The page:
What is the purpose of the reflex system?
To maintain blood pressure homeostasis during postural changes, exercise, hemorrhage, sexual activity.
Why do you usually have to pee in the morning?
When you are lying supine, venous blood becomes centralized, your body senses it has too much blood and generates urine.
What happens if you denervate the carotid arteriolar baroreceptors in this dog?
Blood pressure will go from being normal through all activities to having large peaks and valleys during different activities.
Where is the most sensitive pressure sensor in our body?
Carotid sinus, innervated by the sinus nerve. This area is very sensitive to stretch and increases and decreases in pressure.
What portion of the carotid sinus tells the brain about decreases in oxygen, causing increased pumping of blood and increased respiration?
Carotid body. It has an extremely high blood flow. It is a chemoreceptor that senses oxygen, carbon dioxide and pH of the plasma.
What happens to impulses to the brain from the carotid sinus as blood pressure increases?
Impulses are increased as pressure increases within the window of 50mmHg to 200mmHg. Because of the pulsatile nature of our heart, the brain is able to monitor systolic and diastolic pressure changes.
How does carotid massage work?
The sinus nerve is innervating the carotid area you massage. The sinus nerve uses two points of innervation to measure the stretch happening in the walls of the carotid artery to tell the brain to increase or decrease blood pressure. When you massage (stretch) the carotid arteries, the sinus nerve thinks BP is going up and tells the brain to decrease heart rate.
Where is the main blood pressure receptor integrator?
The vasomotor center in the medulla. Mediates vasoconstriction and vasodilation. Has a cardioinhibitor area with vagal output (when stimulated ACh is released and impinges on the SA and AV nodes, slowing the heart). It also decreases sympathetic stimulation when stimulated by the sinus nerve.
What integrating center in the brain causes changes in blood pressure in order to regulate body temperature? Regulate emotional responses (blushing, fainting)?
Hypothalamus=temperature control. Frontal cortex=emotional control.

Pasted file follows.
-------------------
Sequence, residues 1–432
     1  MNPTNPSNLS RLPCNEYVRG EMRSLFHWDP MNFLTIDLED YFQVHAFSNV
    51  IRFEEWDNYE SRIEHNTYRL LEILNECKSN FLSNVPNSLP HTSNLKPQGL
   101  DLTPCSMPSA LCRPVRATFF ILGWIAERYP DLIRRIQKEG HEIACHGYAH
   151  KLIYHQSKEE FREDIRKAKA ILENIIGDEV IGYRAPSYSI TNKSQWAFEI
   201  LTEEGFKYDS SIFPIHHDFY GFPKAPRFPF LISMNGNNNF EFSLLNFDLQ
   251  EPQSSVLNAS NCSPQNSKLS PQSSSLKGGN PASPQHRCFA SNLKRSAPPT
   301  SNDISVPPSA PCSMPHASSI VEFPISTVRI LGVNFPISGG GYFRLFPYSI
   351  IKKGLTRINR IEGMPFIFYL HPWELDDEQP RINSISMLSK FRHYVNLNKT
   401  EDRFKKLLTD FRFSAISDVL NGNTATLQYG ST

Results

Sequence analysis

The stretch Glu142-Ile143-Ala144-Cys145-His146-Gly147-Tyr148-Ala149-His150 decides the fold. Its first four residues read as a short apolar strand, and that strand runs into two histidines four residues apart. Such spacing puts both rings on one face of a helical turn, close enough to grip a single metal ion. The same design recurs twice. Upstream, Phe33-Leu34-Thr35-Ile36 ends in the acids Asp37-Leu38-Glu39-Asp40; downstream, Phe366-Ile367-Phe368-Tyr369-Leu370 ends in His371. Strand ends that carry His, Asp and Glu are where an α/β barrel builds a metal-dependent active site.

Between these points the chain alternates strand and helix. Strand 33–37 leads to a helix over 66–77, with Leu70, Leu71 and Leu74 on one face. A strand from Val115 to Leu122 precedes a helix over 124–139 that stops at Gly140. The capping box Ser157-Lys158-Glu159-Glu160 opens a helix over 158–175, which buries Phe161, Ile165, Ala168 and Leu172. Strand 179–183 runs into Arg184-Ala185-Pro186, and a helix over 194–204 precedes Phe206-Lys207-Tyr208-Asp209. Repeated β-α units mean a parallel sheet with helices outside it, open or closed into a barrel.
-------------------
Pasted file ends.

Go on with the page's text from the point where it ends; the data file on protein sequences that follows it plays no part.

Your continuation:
A 46 year old patient with Cushing's has heart failure and is in dire need of a new heart. You tell him that he cannot get a heart transplant, but can have a mechanical heart implanted instead. Why is this?
In heart transplant patients, the adrenal gland takes over in regulating blood pressure via NE and EPI secretions because the heart cannot be reinervated. If the patient's adrenal glands are diseased and not working properly as they are in Cushing's, they can only have a mechanical heart implanted.
What external organs play a role in blood pressure regulation?
Pituitary (vasopressin/ADH), Kidney (renin) and Adrenal gland (EPI/NE)
What part of the cardiovascular system is sensitive to low pressure stimuli? What signals do they send to the brain and what makes these signals fire?
Atria. They have receptors that fire during the a wave (atrial contraction) and the v wave (atrial filling). Signals increase as blood volume increases.
You sustain a gunshot wound to your left femoral artery and are bleeding out significantly. The baroreceptors in your atria sense there is decreased atrial stretch. How does your body respond to this?
Decreased atrial stretch = decreased baroreceptor stimulus to the brain. Decreased stimulus = activation of sympathetic nervous system (vasoconstriction and cardiac stimulation) and secretion of vasopressin (ADH: vasoconstriction) from the pituitary gland. Both of these actions will work to increase your blood pressure and maintain tissue perfusion.
A 66 year old patient comes to see you complaining of orthopnea and edema in his legs. He has never seen a doctor about this and you decide to order a blood test to see if he has heart failure. What molecules is the heart secreting to try to mitigate the effects caused by heart failure?
Atrial naturetic peptide (ANP) and brain naturetic peptide (BNP). The molecules are basically the opposite of vasopressin and promote excretion of water and sodium through the urine. ANP is secreted by the atria and BNP is secreted by the ventricles.
A patient calls you with a very high runaway heart rate. You tell them to fill the sink with cold water and dip their face in it. How does this decrease their heart rate?
This is the diving reflex initiated by cold and wet stimulus to the trigeminal nerve in our face. The brain elicits a sympathetic outflow causing GI vasoconstriction. The parasympathetic system is also activated, causing bradycardia. This conserves cardiac output by decreasing blood to the digestive system.